Various tests and examinations are involved when attempting to confirm a diagnosis of Lyme disease. The diagnosis process begins with a discussion with your doctor, in which he will probably ask you about your medical history and recent activities, especially if you have been outside a lot during the summer. The consultation will likely continue with a physical examination and running a series of tests. Usually the lab tests are carried out a couple of weeks after you have been bitten, in order to obtain specific results. One of the most common tests for detecting Lyme disease is the ELISA (Enzyme-linked immunosorbent assay) test. Its objective is to indicate antibodies to the bacteria we mentioned before, Borrelia burgdorferi. Even though it is the first test doctors turn to for detecting Lyme disease, if the ELISA test has positive results another test must be undergone in order to confirm them. The Western blot test works in two steps and aims to confirm the diagnosis in general. The final test you might undergo is Polymerase chain reaction, abbreviated as PCR. It is usually carried out for individuals suffering from chronic Lyme arthritis, as it works with the fluid in infected joints that are suspect of containing bacterial DNA.
After you have undergone all the exams and tests, and you have been positively diagnosed with Lyme disease, you should learn about treatment options. Antibiotics are the main form of oral treatment for curing Lyme disease, a few of the medications prescribed being cefuroxime axetil, doxycycline or amoxicillin. If a patient is also suffering from heart or neurological conditions, he or she might have to undergo intravenous treatment with penicillin or ceftriaxone, for instance.
The sooner you consult with your doctor and begin your treatment, the faster you will end up healing. Always make sure that you take probiotics in the same period of time that you are on antibiotics in order to keep your body safe and healthy in the long run.
Particularly in the United States, the leading cause of Lyme disease is the Borrelia burgdorferi most often borne by blacklegged (deer) ticks. This specific species of ticks is incredibly tiny (specialists confirming that they can be the size of a pinhead) are brown-colored and can often be found in mid-Atlantic, north-central or northeastern America. Another type of tick that can carry the infection is the lxodes pacificus, commonly known as the western blacklegged tick, affecting the Pacific Coast of the United States. The only way to get infected by Lyme disease is if a deer tick bites you, allowing the Borrelia burgdorferi to penetrate into your blood. Doctors estimate that it takes anywhere around 36 to 48 hours for a tick to transmit the disease while being attached to your skin.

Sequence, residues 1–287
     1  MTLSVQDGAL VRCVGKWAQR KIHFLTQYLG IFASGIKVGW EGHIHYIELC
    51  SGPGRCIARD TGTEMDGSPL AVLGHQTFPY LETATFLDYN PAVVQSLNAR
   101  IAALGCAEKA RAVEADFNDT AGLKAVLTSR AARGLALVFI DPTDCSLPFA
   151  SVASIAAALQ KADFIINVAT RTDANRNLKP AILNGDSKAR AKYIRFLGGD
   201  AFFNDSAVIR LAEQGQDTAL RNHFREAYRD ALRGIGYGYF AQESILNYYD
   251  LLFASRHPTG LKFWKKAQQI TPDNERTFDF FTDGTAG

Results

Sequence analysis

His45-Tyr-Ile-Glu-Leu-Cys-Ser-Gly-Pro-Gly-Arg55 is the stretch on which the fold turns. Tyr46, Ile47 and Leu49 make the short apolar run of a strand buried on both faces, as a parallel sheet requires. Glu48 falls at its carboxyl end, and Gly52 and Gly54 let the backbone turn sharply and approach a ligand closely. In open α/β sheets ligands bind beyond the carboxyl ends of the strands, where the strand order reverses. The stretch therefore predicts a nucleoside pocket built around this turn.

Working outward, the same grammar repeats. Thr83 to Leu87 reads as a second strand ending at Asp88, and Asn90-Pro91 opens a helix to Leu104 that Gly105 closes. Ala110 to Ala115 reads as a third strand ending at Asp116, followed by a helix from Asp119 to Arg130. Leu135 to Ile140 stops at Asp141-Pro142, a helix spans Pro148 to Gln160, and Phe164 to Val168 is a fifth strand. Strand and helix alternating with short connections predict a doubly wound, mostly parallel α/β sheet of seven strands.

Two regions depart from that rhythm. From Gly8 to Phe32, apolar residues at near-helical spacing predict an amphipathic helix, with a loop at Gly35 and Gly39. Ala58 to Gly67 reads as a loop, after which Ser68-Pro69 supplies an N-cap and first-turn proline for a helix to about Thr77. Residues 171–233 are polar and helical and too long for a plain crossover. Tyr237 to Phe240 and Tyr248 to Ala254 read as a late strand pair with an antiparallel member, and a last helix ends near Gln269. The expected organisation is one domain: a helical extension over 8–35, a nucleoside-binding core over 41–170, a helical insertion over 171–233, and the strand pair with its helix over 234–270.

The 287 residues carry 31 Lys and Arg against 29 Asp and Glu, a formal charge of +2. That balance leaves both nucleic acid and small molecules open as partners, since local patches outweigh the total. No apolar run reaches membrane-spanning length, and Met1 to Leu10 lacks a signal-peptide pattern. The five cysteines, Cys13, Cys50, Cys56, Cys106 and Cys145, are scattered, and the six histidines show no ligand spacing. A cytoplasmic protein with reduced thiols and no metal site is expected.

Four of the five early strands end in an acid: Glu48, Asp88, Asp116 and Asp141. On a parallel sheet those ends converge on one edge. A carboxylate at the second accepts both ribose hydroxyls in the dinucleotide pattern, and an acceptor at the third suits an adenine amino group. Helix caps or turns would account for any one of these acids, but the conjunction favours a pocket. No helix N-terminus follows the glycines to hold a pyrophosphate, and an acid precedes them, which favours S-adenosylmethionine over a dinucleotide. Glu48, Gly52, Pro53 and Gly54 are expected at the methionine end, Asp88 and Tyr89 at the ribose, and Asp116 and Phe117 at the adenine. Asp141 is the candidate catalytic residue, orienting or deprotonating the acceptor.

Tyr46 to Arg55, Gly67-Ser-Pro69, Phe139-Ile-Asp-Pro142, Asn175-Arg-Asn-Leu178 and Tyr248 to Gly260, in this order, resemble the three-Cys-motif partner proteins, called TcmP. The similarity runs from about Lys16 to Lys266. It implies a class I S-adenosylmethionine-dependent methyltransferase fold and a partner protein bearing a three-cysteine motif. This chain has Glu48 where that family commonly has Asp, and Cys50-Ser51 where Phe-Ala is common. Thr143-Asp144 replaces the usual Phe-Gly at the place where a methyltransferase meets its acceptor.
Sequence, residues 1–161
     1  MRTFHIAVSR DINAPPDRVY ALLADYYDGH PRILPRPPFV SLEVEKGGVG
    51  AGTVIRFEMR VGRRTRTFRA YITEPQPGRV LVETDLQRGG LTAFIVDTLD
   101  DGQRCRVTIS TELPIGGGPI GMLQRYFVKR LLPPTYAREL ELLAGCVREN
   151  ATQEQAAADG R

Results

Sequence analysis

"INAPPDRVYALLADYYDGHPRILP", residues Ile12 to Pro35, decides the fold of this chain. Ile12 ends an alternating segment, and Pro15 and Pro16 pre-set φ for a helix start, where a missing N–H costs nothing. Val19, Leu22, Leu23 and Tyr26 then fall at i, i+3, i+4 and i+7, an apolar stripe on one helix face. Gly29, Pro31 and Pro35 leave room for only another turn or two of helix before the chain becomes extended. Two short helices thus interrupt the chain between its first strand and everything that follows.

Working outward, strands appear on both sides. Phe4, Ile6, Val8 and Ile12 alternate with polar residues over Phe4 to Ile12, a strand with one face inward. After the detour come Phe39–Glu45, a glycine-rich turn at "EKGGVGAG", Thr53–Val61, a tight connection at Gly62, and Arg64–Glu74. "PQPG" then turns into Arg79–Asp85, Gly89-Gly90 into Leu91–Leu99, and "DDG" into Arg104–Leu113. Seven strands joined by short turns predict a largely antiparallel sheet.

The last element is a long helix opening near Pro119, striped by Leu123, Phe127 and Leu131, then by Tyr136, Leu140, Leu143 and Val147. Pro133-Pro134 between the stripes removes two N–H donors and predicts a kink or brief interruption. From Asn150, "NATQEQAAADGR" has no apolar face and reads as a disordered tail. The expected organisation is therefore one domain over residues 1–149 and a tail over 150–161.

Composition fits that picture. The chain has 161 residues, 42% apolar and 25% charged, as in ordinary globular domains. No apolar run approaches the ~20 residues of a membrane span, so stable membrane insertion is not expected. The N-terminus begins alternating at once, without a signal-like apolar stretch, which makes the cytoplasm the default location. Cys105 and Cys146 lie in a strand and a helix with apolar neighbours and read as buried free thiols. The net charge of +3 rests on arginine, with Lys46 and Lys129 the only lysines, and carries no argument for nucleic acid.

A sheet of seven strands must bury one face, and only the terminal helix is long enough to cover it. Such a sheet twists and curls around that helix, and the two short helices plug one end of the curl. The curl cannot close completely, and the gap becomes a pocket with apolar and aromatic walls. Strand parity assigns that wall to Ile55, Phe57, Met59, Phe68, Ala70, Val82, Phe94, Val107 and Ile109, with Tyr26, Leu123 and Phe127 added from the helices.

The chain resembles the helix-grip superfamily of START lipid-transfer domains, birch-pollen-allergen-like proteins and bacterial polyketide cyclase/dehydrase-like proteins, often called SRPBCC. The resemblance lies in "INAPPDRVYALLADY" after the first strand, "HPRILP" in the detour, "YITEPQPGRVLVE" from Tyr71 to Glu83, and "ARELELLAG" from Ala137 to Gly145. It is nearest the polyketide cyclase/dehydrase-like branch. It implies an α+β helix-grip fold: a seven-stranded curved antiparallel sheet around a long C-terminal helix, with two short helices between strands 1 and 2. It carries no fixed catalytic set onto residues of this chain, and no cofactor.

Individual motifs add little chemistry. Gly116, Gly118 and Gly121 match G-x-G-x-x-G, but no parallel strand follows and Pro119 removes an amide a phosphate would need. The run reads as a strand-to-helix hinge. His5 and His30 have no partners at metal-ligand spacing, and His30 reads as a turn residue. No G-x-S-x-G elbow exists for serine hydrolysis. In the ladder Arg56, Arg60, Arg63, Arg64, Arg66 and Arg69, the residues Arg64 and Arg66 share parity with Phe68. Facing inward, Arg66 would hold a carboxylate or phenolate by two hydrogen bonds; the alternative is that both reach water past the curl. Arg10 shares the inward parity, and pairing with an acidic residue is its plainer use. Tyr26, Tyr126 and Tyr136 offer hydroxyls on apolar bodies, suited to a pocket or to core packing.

You should also know that deer or blacklegged ticks not only infect humans with Lyme disease, but also can cause babesiosis, Powassan encephalitis or anaplasmosis. The great news is that you cannot contract Lyme disease from another human, as the illness is not sexually transmitted in any way. Likewise, pregnant women can follow antibiotic treatment for Lyme disease without affecting the fetus.
Possibly the greatest question of all is: How can we prevent Lyme disease or Post-treatment Lyme Disease Syndrome from occurring in the first place? The greatest way to avoid the disease is to avoid the regions where blacklegged ticks reside, mainly forests and wooded areas in general with tall grass. Even if you are going out camping with the family, you can prepare beforehand and protect both you and your loved ones. A reliable insect repellent is a must if you are planning to go outdoors in the woods. Specialists recommend 20%+ DEET concentration in repellents, which should be applied on the skin but without touching the eyes, mouth or hands. You can protect your garments as well, by applying permethrin-based products to them. Also if you’re on a trip in the great outdoors, be sure to wear long sleeves and pants at all times. Avoid bushy areas or those with long grass, as ticks tend to live there. Make sure you leave as little skin as possible showing, meaning that you should have gloves on, as well as a hat and long pants pushed into socks. Always double-check the entire family (including your pets!) after staying outside for longer periods of time, being careful to shower and scrub the skin well.
If you want to protect your home and the area surrounding it, try to avoid storing piles of wood in dark or moist areas. Keep them in the sun where they can be dry and tick-free. Also, never think that you might not be able to get infected, even if you have suffered from Lyme disease in the past.
In the case of a tick bite, you can still prevent Lyme disease by taking action immediately. Use a pair of sterile tweezers and carefully pluck the tick out. Make sure you grab the tick by the head, as applying pressure to its stomach might end up in crushing. After you have succeeded in fully removing the tick from your skin, make sure you throw it away in a safe place and rub the bitten region with antiseptic to avoid infection.
If you are still apprehensive about the existence of chronic Lyme disease or if you are undergoing the typical symptoms of post-treatment Lyme disease syndrome, you should know that you are not alone and that you can find support both on and off-line. The Lyme Disease Support Group, MD Junction, Daily Strength are just a few of the online communities which aim to help individuals living with Lyme disease with coping. Face-to-face Lyme disease support groups can be found all across the United States, like Mammoth Lakes Lyme Support Group, East Bay Lyme Education & Patient Support (L.E.A.P.S.) or Humboldt Lyme Awareness Group (HLAG), all located in California. Nevertheless, the best support you can get is from the doctor who has access to your files and who has personally consulted you. Make sure you contact a professional if you ever experience any of these symptoms and don’t forget to stay safe and take all the necessary precautions when going outdoors.